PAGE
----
The Role of Ultrasound in Central Line Placement
Search Strategy: Your Ultrasound guru hands you a randomized controlled trial evaluating common complications of central venous cannulation as background information. Determined to find information directly related to ultrasound-guided placement, however, you turn to PUBMED entering the search terms “ultrasound” (255,264 citations) then central venous cannulation (9,094 citations) which you then combine (722 citations). Fortunately the 23rd citation is a RCT by Milling of one versus two operator US-guided placement of IJ which looks relevant, so you select “Related Articles” and obtain 104 citations of which #4 is the Milling article below, #47 the Miller article, and #69 the Denys article.
The first year and a half of your residency is just complete and you’ve found new confidence handling critically ill patients in the ED since you just came off your procedure-laden month on the Cardiothoracic ICU. Serendipitously, a septic patient presents to the ED and you begrudgingly sign up for the nursing home patient with reported anorexia. The strong odor of urine noted upon entering the room suggests urinary tract infection.
The “surviving sepsis campaign” is in full force today and a central line is warranted in this patient. The attending thinks he’s hot because he can “cannulate a spaghetti noodle in a dark room” under ultrasound and brusquely says “I don’t care where you put it, but do it under ultrasound.” The teaching resident rolls his eyes and asserts he can hit this easily with the blind or landmark subclavian approach.
Unfortunately, as he begins to assist you, a Level 1 trauma arrives and you immediately find yourself alone with a nurse. On the way out the door the teaching resident suggests you just do a femoral line since it is quickest. The sepsis nurse groans with angst. As you contemplate your approach the nurse places a 25 gauge IV and starts pushing fluid which stabilizes your patient for a brief time. You exit the room in search of a computer terminal to do a PUBMED search for central venous line insertion, ultrasound, and outcomes.
Population: ED patients requiring central line access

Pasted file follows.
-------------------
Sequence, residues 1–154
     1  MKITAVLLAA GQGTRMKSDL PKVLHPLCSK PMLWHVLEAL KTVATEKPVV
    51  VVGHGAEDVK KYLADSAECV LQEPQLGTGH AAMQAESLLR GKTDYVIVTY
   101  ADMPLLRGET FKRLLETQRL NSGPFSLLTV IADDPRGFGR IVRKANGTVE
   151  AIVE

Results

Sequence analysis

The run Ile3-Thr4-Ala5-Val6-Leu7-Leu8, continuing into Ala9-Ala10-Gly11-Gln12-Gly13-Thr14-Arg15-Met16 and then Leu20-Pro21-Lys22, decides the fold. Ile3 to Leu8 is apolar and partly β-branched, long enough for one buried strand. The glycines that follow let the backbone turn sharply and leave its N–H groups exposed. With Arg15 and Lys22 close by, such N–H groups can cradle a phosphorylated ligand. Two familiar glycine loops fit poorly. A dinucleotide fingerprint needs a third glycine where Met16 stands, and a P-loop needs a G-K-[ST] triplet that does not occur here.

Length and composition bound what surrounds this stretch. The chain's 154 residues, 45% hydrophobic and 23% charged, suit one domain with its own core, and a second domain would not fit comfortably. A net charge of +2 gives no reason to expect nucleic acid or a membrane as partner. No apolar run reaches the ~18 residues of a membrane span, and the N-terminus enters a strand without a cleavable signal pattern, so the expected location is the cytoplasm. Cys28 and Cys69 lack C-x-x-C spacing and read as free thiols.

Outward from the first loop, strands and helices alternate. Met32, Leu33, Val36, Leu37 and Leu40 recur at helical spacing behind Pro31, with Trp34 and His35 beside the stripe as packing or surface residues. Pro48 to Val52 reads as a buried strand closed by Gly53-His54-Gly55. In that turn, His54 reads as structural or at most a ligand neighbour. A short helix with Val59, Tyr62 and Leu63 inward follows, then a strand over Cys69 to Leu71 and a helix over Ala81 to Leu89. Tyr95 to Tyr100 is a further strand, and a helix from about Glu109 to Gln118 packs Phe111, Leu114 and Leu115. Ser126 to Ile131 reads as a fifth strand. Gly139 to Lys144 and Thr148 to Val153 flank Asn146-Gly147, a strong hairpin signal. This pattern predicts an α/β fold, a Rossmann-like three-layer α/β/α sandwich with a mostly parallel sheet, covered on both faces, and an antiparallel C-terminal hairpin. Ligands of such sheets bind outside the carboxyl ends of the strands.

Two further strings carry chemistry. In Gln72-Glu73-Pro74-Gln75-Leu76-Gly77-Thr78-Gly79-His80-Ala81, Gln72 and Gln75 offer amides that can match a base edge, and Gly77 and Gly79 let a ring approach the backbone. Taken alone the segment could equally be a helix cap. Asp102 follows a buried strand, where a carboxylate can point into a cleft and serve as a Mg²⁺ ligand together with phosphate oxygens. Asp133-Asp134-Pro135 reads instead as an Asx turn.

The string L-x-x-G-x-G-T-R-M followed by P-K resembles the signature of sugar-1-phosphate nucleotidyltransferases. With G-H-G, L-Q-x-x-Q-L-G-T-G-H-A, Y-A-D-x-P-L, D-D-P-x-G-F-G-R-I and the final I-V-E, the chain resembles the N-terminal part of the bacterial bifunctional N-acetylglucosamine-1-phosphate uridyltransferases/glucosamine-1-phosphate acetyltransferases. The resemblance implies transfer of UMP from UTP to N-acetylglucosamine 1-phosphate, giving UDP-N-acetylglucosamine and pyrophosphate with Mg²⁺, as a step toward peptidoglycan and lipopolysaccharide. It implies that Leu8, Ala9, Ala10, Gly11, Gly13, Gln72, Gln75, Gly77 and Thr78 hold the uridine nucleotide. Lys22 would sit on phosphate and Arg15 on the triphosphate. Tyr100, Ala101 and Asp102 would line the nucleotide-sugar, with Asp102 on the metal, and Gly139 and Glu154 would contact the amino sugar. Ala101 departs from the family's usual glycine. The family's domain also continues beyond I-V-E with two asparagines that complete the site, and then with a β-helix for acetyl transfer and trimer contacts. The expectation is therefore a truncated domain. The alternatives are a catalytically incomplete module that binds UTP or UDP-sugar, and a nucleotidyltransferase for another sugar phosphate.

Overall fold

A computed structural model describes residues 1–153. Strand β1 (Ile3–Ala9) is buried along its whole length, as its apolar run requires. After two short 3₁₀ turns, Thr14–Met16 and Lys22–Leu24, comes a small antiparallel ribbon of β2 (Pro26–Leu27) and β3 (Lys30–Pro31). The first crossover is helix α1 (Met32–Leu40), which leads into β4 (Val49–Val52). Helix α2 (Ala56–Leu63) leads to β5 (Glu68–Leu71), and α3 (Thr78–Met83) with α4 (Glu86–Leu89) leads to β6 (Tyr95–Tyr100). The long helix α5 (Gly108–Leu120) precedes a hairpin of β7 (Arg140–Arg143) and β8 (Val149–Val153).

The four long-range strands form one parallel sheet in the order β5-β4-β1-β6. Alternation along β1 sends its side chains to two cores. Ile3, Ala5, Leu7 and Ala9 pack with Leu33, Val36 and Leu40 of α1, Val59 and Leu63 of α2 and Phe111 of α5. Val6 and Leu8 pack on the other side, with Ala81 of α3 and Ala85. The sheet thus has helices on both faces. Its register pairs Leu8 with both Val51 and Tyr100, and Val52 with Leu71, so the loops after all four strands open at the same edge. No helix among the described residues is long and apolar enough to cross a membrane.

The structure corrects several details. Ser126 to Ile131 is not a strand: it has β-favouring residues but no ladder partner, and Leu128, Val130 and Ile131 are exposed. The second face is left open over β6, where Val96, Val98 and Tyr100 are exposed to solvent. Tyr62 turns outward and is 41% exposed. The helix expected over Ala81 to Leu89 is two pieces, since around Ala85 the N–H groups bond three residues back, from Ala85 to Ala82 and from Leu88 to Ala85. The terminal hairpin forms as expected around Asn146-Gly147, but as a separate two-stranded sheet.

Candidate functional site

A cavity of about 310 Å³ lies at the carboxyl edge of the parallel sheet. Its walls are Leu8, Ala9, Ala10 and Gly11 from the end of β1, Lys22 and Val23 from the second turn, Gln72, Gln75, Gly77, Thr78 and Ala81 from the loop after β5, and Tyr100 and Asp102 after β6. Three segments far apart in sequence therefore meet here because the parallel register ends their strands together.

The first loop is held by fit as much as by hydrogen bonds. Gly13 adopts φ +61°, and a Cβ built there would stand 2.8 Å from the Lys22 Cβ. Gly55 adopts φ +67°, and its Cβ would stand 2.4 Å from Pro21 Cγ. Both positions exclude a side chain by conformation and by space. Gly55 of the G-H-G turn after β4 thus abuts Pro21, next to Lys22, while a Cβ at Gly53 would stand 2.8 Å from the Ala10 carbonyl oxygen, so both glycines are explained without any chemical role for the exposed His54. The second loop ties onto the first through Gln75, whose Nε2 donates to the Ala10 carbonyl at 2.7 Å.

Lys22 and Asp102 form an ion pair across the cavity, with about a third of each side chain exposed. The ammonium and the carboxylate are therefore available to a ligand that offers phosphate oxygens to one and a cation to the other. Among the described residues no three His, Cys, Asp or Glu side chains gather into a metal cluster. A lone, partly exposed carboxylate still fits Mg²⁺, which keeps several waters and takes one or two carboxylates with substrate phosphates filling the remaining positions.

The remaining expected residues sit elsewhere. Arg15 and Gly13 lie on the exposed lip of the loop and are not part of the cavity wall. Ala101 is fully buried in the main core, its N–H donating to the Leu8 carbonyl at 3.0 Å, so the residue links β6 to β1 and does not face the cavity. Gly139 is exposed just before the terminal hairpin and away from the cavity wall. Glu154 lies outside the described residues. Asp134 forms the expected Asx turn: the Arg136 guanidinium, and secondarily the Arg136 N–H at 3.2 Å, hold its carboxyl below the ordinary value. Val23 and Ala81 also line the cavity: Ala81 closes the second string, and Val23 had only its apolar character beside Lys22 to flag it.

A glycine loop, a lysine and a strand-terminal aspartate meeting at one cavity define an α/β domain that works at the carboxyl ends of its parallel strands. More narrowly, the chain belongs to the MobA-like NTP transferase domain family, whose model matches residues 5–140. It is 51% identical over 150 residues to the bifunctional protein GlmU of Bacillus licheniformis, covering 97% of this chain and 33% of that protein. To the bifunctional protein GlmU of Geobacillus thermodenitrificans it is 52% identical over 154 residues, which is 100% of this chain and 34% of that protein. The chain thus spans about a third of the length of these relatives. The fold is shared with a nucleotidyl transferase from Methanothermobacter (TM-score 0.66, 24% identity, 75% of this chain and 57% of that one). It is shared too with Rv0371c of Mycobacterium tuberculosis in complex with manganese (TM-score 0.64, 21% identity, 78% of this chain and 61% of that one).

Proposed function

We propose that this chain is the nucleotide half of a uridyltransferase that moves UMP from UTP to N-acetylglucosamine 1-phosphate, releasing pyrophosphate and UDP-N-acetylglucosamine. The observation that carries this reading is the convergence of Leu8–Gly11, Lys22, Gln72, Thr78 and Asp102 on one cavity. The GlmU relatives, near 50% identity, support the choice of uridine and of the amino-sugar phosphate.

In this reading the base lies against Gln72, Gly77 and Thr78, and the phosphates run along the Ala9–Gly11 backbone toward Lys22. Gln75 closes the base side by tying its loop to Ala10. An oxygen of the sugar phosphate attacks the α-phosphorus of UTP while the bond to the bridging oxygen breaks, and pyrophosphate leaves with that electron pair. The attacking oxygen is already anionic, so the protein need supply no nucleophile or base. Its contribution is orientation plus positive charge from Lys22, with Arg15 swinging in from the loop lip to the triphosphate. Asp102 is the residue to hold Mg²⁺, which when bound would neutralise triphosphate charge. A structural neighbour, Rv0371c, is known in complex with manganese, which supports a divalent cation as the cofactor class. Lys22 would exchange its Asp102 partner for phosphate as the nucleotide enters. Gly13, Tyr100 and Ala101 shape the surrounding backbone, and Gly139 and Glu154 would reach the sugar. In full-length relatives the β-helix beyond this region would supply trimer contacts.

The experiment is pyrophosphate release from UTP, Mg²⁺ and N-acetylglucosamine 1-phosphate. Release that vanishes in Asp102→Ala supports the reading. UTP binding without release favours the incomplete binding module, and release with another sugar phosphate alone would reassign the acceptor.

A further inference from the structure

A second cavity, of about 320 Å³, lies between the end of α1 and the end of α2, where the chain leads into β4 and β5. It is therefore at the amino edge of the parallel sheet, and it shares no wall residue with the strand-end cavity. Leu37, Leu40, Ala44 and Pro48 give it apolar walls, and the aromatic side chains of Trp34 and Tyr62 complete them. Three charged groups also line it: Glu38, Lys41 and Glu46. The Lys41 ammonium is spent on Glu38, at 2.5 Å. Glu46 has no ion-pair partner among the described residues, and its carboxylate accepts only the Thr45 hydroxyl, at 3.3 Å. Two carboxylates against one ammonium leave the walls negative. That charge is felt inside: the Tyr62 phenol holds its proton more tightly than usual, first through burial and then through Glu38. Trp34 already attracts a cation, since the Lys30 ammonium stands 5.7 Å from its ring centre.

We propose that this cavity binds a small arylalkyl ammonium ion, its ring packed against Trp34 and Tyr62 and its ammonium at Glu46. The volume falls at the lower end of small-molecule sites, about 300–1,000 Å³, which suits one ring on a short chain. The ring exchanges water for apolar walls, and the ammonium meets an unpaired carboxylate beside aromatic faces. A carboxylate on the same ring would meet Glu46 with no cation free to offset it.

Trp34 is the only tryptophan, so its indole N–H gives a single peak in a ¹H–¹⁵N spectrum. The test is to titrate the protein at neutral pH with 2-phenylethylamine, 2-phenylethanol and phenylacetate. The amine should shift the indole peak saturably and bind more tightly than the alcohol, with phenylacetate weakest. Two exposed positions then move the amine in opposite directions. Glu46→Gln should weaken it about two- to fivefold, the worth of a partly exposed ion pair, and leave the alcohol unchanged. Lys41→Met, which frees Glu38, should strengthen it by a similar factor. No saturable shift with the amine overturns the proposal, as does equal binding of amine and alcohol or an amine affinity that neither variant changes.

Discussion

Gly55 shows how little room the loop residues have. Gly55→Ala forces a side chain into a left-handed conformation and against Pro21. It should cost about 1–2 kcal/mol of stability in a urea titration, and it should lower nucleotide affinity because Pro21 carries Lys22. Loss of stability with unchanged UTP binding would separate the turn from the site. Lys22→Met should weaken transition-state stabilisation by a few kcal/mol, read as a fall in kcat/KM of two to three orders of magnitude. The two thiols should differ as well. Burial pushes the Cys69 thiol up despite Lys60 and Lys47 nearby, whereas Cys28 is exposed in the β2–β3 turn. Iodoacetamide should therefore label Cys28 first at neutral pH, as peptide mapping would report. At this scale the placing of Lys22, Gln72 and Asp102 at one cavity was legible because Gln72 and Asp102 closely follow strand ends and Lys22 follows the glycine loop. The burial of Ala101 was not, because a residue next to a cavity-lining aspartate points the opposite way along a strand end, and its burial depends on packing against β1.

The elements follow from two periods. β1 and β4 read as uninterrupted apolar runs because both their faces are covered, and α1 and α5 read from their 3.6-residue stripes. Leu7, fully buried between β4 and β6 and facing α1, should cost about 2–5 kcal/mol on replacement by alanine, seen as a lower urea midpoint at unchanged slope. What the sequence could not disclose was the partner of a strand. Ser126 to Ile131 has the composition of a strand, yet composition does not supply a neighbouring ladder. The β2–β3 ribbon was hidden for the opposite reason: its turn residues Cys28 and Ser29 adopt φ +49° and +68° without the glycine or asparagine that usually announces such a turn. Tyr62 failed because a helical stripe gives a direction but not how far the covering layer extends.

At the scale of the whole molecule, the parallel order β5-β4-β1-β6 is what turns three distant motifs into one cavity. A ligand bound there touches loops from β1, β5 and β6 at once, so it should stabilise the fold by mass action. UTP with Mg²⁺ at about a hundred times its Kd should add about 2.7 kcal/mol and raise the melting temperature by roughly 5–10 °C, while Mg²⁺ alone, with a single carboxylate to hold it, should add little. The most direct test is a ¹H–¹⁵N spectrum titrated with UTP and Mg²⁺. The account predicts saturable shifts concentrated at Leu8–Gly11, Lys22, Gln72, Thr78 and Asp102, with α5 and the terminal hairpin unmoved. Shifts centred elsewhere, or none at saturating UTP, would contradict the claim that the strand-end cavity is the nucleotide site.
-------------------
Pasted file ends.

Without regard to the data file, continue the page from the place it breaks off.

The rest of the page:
Intervention: Ultrasound guided central line placement
Comparison: Non-ultrasound guided central line placement (blind approach)
Outcome: Iatrogenic complications (arterial cannulation, pneumothorax), time-to-central access, total ED length-of-stay, infectious complications
First years: Complications of Femoral and Subclavian Venous Catheterization in Critically Ill Patients, A Randomized Controlled Trial, JAMA 2001; 286: 700-707.
Second years: Ultrasound-assisted Cannulation of the Internal Jugular Vein: A Prospective Comparison to the External Landmark-Guided Technique. Circulation 1993; 87: 1557-1562.
Third years: Ultrasound Guidance versus the Landmark Technique for the Placement of Central Venous Catheters in the Emergency Department. Acad EM 2002; 9: 800-805.
Fourth years: Randomized, Controlled Trial of Point-of-Care Limited Ultrasonagraphy Assistance of Central Venous Cannulation: The Third Sonography Outcome Assessment Program (SOAP-3) Trial, Crit Care M 2005; 33: 1764-1769.
Article 1: Complications of Femoral and Subclavian Venous Catheterization in Critically Ill Patients: A Randomized Controlled Trial. JAMA 2001; 286:700-707
Article 2: Ultrasound-Assisted cannulation of the internal jugular vein. A prospective comparison to the external landmark-guided technique. Circulation 1993; 87:1557-1562
Article 3: Ultrasound guidance versus the landmark technique for the placement of central venous catheters in the emergency department. Acad EM 2002; 9:800-805
Article 4: Randomized, controlled clinical trial of point-of-care limited ultrasonography assistance of central venous cannulation: The Third Sonography Outcomes Assessment Program(SOAP-3) Trial Crit Care Med 2005; 33: 1764 –1769
The evidence on ultrasound-guided central venous cannulation is limited. To date, SOAP-3 represents the best evidence but has limited internal validity in that one investigator performed almost half of the US-guided procedures. More importantly, the study lacks external validity in that nearly every other ED in the United States (and probably the world) lacks the high-caliber, US-specific training this particular urban teaching hospital offers. Future trials should assess US-guided central line placement in less US-friendly institutions among a more heterogeneous clinician group while assessing physician acceptance and skill maintenance.